dinupdup
   see dulhig
   see gonob
   see gopah
   see gūway
   see hagōho
   see halūpe
   see himuŋ
   see hogop
   see hudhud
   see kēew
   see keqpālen
   see lāqun di payo
   see lewlewa
   see linnāwa
   see liyah
   see mamaqqo
   see maŋadol
   see manūlug
   see miqhālud
   see mumbawwot
   see munbunuŋ
   see munkēew
   see munqībal
   see munqopal
   see pakkuk
   see qaggīyo
   see qālim
   see qambāhan
   see qulqulgud
   see quyap
   see quyyāya
   see tūŋul
   see yubyūban

F

family
fiddle
flute
   see also tuŋŋāli
funeral
   see also practices, burial
   see also wailing dirge

G

games
   see also riddles
   see also tongue twisters
   see also trick rounds
ganha
   see also gongs
   see also kobboŋ
genealogy recitation
   see also linnāwa
geography
   see also atlas
   see also land surface
gongs
   see also gaŋha
gonob
   see also completion rite
gopah
   see also shouted exclamation
granary idol
   see also būlul
guitar
gūway
   see also shouted exclamation

H

haddūnaq di nate
hagōho
   see also ritual, defense
halūpe
   see also prayer
hāŋal
   see also percussion, clapper
harvesting
   drum
     see also lebbet
  rice
  song
headhunting
   see also mock head-taking
health official
himuŋ
   see also ritual, vengence
hogop
   see also ritual
hudhud
   see also chanting
humor
huppēep
   see also reed pipe

I

illness
imitation
   see also different styles
   see also talking styles
impressions
interview

J

jew's harp
   see also biqquŋ

K

kēew
   see also
children's shout
keqpālen
   see also sub-ritual
kobboŋ
   see also ganha
style, playing

L

lāmuh di būlul
   see also smearing fat on granary idol
land surface
   see also geography
language
   see also dialects
   see also English translation
   see also phonology
   see also pronounciation
   see also sentences
   see also vocabulary
   see also vowel contrasts
lāqun di payo
   see also completion of pond field sale
lebbet
   see also harvesting, drum
letter
   cassette
   voice
lewlewa
   see also chanting
libu
   see also earthenware pot resin seal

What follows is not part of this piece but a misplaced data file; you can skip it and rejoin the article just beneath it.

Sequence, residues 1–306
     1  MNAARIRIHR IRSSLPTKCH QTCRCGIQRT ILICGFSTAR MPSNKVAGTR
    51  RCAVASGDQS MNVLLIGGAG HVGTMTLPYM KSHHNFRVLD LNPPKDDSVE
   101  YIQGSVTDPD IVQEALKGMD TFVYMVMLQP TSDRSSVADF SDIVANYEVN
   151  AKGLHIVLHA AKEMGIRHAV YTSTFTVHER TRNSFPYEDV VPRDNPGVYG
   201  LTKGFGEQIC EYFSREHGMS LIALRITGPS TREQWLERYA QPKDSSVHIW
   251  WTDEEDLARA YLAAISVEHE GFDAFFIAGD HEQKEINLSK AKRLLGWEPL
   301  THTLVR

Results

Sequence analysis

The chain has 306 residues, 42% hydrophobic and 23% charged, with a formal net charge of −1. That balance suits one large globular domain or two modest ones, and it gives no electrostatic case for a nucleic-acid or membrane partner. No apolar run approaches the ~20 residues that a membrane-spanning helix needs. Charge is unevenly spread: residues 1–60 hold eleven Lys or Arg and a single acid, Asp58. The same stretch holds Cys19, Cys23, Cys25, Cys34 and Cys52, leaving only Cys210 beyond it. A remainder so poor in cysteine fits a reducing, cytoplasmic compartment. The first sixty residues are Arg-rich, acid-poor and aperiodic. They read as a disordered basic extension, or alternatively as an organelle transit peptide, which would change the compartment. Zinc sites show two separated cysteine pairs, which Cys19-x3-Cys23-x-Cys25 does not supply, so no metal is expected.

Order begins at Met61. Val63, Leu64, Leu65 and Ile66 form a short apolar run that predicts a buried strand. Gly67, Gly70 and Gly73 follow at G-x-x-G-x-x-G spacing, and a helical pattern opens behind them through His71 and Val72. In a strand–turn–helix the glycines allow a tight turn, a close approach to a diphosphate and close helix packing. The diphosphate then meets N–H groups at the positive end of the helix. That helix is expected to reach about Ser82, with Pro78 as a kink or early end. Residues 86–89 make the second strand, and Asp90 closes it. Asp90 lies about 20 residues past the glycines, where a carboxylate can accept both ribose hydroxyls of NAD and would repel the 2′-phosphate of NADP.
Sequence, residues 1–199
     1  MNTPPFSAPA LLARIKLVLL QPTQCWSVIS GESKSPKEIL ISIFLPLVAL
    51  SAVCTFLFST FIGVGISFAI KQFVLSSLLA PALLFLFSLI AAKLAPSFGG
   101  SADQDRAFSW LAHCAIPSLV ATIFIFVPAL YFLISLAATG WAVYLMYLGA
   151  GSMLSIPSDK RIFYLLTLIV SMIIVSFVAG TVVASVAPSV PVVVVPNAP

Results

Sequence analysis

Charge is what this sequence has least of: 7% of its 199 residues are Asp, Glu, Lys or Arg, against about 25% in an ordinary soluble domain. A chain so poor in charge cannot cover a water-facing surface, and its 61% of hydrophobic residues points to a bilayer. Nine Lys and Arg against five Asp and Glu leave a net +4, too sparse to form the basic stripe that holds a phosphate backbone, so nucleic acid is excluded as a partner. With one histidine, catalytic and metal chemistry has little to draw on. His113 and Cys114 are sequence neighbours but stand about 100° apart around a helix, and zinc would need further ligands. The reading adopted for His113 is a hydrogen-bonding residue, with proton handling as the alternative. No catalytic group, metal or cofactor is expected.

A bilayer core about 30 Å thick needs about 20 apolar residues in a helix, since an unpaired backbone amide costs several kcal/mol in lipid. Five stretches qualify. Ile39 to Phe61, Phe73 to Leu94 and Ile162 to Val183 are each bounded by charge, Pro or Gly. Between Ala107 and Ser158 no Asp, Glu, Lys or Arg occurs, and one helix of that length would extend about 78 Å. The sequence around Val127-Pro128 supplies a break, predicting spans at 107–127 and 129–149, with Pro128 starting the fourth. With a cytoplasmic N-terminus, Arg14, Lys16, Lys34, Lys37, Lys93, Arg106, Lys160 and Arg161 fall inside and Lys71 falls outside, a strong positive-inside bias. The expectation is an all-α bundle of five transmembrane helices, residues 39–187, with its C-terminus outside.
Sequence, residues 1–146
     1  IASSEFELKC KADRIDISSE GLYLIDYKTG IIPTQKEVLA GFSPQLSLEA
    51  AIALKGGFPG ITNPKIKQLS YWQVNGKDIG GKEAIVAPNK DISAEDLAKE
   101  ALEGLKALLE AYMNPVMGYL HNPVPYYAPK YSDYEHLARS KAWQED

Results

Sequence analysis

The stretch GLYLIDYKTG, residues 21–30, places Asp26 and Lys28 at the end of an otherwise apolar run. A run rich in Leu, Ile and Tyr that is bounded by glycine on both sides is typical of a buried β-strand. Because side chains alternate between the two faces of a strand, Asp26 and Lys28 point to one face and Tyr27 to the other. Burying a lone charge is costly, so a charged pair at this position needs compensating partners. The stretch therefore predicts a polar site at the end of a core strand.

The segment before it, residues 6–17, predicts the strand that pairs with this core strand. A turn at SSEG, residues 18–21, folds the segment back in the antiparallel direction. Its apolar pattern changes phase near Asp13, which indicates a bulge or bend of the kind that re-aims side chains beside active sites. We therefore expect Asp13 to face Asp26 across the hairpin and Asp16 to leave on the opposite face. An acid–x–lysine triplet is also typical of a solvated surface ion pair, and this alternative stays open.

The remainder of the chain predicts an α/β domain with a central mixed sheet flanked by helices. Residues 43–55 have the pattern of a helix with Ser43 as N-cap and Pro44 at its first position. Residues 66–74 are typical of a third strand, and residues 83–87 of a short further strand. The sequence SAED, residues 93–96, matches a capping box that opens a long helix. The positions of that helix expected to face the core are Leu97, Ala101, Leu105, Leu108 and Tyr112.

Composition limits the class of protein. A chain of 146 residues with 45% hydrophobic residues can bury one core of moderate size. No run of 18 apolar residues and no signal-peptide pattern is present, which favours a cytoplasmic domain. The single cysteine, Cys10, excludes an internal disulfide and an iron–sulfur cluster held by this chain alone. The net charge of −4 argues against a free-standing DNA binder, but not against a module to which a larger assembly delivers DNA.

linnāwa
   see also genealogy recitation
liyah
   see also priests, ordination of
lullaby
   see also quyyāya

M

mamaqqo
   see also ritual, women's
maŋadol
   see also ritual, end of harvest
manūlug
   see also sub-ritual
marriage celebration
miqhālud
   see also practices, courting
mock head-taking
   see also dalluŋ
   see also headhunting
money
moons
mumbawwot
   see also spinning wooden tops
munbunuŋ
munkēew
   see also children's shout
munqībal
   see also wailing dirge
munqopal
   see also sugar cane pressing
musical instruments*
   see baŋībaŋ
   see biqquŋ
   see fiddle
   see gaŋha
   see guitar
   see hāŋal
   see huppēep
   see lebbet
   see pādaŋ
   see pattuŋ
   see tappaŋ di budeŋ
  see teddeŋ
  see tuŋŋāli
myth
myth-recitation
  see also būqad

O

omen
origins

P

pādaŋ
   see also coiled brass leg bands
pakkuk
   see also rhythm, beaten on rice mortar for funeral
pattuŋ
   see also rhythm sticks
percussion
   bars
     see also baŋībaŋ
  clapper
     see also hāŋal
performers
pesos
phonology
   see also language
pig
pinidwa
   see also rice characteristics
   see also tinawon
playing
   see also children, playing
pond fields
   see also rice fields
pounding rice
   see also bāyu
practices
   birthing
   burial
     see also funeral
     see also wailing dirge
   courting
     see also miqhālud
  cultural
prayers
prestige
   feast
   see also bināqid
ritual
   see also bumayah
priests
   ordination of
     see also liyah
pronounciation
   see also language

Q

qāat di tūŋo
qaggīyo
   see also children, songs
qālim
   see also chanting
qambāhan
qulqulgud
   see also story
quyap
   see also trick rounds
quyyāya
   see also lullaby

R

rain
reading
recording equipment
   test
reed pipe
   see also huppēep
religion
   see also dinupdup
resting
rhythm
   analysis